Clinic Locations
Advertising

Venous Anatomy

 

 

Endovenous laser ablation offers a clinically proven treatment for varicose veins, as a 'walk in - walk out' procedure under local anaesthetic, with the patient back on their feet in under one hour and very little patient discomfort or complications. .

It is one of a range of procedures available to treat your varicose vein and, in order for your clinician to provide the best possible treatment option to each varicose veins presentation, it is important to understand the anatomy of the venous system and its relationship to your particular venous condition.

Only by understanding the anatomy of venous system and the location at which the reflux originates can the treatment plan be optimised for each individual patient.

 

Venous Anatomy:

For simplification, the venous anatomy of the lower limbs can be subdivided into three main groups of veins. These are the Deep Veins, the Superficial Veins and the Perforator veins. Reflux, or ‘Venous Insufficiency’ as it is often referred to, can occur in any of these systems.


Veins of the legDeep veins:

The deep veins are the main system of veins in the leg that drain blood back to the heart. They are responsible for the majority, 90-95%, of the blood return from the lower limbs to the heart.

By name, the deep veins in the lower limbs consist of the Common Iliac, the External Iliac, the Common Femoral, the Superficial Femoral, the Deep Femoral, the Popliteal, the Posterior Tibial, the Anterior Tibial, the Peroneal and the Gastrocnemius deep veins.

The deep veins are found within the muscle fascia, which facilitates the movement of blood back to the heart. Movement of the muscle provides a pumping pressure to the veins, as a result of compression of the venous walls.

Varicose veins are not a consequence of deep venous insufficiency. One significant problem with the deep veins can be ‘Deep Vein Thrombosis,’ which is a life threatening blood clot within the deep veins that carries the risk of a pulmonary embolism.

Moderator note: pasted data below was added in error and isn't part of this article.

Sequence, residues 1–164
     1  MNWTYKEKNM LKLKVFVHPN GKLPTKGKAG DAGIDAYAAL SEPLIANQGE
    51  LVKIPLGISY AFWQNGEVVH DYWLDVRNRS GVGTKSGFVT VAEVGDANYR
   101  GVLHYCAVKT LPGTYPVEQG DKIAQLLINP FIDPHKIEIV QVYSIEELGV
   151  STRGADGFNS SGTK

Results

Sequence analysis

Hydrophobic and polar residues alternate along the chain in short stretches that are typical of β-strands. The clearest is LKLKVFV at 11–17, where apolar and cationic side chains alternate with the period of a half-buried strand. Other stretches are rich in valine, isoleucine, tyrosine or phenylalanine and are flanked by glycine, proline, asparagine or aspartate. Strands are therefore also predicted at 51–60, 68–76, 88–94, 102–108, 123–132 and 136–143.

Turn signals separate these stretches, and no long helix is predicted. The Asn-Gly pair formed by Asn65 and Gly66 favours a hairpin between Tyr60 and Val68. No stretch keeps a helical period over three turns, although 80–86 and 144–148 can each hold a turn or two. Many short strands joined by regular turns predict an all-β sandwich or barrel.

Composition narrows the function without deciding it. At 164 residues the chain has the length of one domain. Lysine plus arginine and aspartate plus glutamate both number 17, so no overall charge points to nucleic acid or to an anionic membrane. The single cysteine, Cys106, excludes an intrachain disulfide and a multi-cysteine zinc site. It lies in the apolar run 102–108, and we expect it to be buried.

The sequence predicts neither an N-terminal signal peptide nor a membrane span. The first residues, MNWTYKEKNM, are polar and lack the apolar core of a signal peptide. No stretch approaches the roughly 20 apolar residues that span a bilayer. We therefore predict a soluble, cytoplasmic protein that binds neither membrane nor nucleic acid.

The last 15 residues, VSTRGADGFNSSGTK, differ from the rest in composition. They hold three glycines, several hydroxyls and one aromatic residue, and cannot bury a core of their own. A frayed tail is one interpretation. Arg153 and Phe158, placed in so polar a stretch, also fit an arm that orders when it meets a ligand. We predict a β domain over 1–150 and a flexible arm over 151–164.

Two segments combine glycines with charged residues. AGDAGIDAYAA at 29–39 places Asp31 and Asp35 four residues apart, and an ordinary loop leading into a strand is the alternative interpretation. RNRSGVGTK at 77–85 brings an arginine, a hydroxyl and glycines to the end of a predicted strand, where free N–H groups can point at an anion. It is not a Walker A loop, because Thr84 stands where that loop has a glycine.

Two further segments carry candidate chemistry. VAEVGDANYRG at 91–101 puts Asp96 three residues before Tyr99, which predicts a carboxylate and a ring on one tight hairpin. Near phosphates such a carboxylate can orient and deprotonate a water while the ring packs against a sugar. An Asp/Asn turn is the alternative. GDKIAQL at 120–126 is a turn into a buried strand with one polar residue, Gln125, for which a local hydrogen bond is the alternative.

Superficial veins:

The superficial veins are the secondary system that drains the blood from the superficial tissues and skin, through the Perforators and connections with the deep system, back into the deep veins for return back to the heart. The superficial veins their name suggests are located above the deep muscle fascia and account for 5-10% of blood return back to the heart.

By name, the superficial veins mainly consist of the Great Saphenous Vein, the Anterior Lateral Thigh Veins, the Medial Thigh Vein, the Small Saphenous Vein and the Giacomeni Veins.

The Small Saphenous vein tracks down the back of the calf, from the ankle to the knee crease in most cases, where it forms a connection with the Deep vein System at the Popliteal vein, called the Sapheno-Popliteal junction. In some case there is no connection with the Popliteal vein and instead the vein tracks up the back of the thigh and joins with the Superficial Femoral deep vein or the Great Saphenous superficial vein in the thigh. This section of vein is called the Giacomeni vein. Perforator veins:


Perforator veins
:
The Perforator veins connect the deep venous system with the superficial venous system, and the lower limb contains in excess of 100 of these connections. The perforators also contain one way valves designed to permit flow of blood from superficial to the deep system and not vice versa.
 

Continue here to read about how veins work, or select a link in the top menu bar to go straight to a leg complaint.